Labour MPs were set to have a free vote in parliament on Wednesday of this week on whether or not to bomb Syria. And it is not official Labour Party policy to oppose airstrikes in Syria.
That was the outcome of a Labour shadow cabinet meeting on Monday of this week.
Tory leader David Cameron had held off from calling a vote on bombing Syria until he was certain he could get a majority in favour. Labour’s decision allowed him to schedule the vote.
It is possible Cameron might have backed away if Labour MPs were whipped to vote against the war.
The shadow cabinet decision is the result of a climbdown followed by a significant defeat for Labour leader Jeremy Corbyn.
He had hoped to allow a free vote, but to insist that official policy was against bombing. This was a fudge aimed at maintaining party unity.
But members of the shadow cabinet, led by shadow health secretary Andy Burnham, were clearly unwilling to accept even this.
Corbyn abandoned his demand for Labour’s official policy to oppose bombing.
This resulted in the bizarre situation where Corbyn was to speak against bombing—but shadow foreign secretary Hilary Benn would speak for.
Corbyn has come under constant attack from Labour MPs to his right since he was overwhelmingly elected Labour leader in September. Many of those in his shadow cabinet have joined the attacks.
Shadow cabinet ministers effectively challenged Corbyn to whip them and face mass resignations or sackings.
In the end he allowed a free vote to keep Labour together. But the price of this is that it effectively allows the bombing to go ahead.
Corbyn had started to make some moves against his opponents in Labour last weekend.
A consultation of Labour members strengthened his hand. The majority of members are to the left of Labour MPs—and the survey showed some 75 percent were against bombing.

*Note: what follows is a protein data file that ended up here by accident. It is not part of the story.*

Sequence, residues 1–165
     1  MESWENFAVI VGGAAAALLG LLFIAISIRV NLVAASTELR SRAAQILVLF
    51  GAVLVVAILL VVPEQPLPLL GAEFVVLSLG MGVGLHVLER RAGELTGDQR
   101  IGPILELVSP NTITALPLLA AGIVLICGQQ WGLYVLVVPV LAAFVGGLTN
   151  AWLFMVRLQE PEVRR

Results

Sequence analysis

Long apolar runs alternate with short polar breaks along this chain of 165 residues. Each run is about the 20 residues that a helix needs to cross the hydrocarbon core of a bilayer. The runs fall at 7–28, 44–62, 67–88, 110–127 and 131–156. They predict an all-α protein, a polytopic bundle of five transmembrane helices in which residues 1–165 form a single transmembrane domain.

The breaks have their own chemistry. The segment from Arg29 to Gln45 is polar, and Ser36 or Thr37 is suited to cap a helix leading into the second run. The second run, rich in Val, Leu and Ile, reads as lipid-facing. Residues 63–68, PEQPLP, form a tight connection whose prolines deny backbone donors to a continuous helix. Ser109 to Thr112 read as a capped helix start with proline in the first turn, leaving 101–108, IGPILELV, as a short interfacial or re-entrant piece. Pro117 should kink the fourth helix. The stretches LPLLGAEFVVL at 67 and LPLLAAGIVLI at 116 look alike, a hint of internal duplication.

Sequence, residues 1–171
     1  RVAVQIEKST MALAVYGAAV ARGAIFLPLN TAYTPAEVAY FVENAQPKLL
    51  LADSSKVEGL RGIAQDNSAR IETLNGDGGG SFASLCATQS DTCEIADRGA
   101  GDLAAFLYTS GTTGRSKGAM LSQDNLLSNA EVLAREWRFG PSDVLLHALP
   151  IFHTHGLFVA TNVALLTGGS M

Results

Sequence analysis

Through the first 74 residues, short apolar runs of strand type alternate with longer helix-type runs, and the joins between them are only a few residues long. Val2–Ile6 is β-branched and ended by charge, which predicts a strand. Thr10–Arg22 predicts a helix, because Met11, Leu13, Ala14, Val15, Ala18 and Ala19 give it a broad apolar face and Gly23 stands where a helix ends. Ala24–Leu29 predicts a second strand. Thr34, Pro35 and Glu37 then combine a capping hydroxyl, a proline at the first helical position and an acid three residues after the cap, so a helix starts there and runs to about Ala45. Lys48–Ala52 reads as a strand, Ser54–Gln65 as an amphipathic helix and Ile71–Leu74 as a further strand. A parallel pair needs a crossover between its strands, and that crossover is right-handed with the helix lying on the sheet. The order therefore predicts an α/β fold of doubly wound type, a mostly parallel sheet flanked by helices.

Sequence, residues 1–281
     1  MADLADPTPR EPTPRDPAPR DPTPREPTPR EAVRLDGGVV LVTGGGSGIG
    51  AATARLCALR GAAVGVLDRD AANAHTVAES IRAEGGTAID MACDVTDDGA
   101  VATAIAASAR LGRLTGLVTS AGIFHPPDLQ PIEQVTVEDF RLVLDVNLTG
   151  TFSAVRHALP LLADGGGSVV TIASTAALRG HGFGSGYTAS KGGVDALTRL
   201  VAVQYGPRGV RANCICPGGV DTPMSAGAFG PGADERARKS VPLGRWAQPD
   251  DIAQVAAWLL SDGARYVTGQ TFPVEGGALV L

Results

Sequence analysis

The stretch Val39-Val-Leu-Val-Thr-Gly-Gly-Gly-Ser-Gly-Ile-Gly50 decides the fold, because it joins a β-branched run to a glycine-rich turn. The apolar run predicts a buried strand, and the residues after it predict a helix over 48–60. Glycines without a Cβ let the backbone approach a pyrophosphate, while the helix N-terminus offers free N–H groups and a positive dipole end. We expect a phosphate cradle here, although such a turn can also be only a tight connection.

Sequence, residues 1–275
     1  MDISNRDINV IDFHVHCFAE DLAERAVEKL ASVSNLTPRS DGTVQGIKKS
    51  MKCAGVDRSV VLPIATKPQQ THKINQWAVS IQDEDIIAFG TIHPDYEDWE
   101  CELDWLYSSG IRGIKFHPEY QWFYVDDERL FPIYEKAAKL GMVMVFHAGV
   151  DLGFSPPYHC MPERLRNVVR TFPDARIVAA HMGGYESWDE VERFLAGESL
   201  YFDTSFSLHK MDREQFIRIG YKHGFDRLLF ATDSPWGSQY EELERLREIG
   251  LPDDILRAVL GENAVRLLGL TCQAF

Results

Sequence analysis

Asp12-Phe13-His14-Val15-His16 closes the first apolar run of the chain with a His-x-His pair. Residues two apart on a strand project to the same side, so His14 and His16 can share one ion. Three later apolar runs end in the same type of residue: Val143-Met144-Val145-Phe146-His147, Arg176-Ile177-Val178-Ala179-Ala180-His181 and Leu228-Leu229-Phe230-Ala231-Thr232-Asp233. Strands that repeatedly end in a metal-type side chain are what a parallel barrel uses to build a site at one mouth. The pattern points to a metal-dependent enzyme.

West London Labour Party member Raj Gill is one of them.
He told Socialist Worker, “There is a deep rooted concern among Labour Party members in Ealing about being dragged into another vote to bomb Syria.
“If the Parliamentary Labour Party doesn’t support the leader it will lead to a lot of discontent.”
The shadow cabinet used Corbyn’s compromise to force a further humiliation. The message to Corbyn was clear—you’re not in charge.
Corbyn’s compromise began last Saturday when he stayed away from the Stop the War protest in central London. Corbyn was chair of the Stop the War Coalition until recently.
Thousands of people joined that protest.
And tens of thousands of people joined Labour over the summer partly because of Corbyn’s clear opposition to war.
The pressure to keep the Labour Party together is taking Corbyn away from that base of support—and giving a boost to the warmongers.
Oldham by-election battle is a no-win situation for Corbyn
The Labour Party faces its first electoral test after Jeremy Corbyn became leader with the Oldham West by-election on Thursday of this week.
The result will be seen as an indicator of Corbyn’s popularity. It is likely to be used as a stick to beat the leadership with—whatever the outcome.
Oldham West has long been a Labour stronghold. Now many Labour figures and media commentators are predicting a close result between Labour and the racist Ukip.
They say that Corbyn has alienated many traditional Labour voters. They claim the candidate, right wing Oldham council leader Jim McMahon, is more in touch with the “white working class.”
What they mean is they think working class people are right wing and a bit racist. So racist and right wing ideas have to be pandered to.
Many of those same journalists and Labour figures have spent weeks arguing that Corbyn is dangerous and has made Labour unelectable.
Now they have found voters on the doorstep who think Corbyn is dangerous and has made Labour unelectable.
So if Labour loses, it will be spun as Corbyn’s fault. But if Labour wins it will be in spite of him.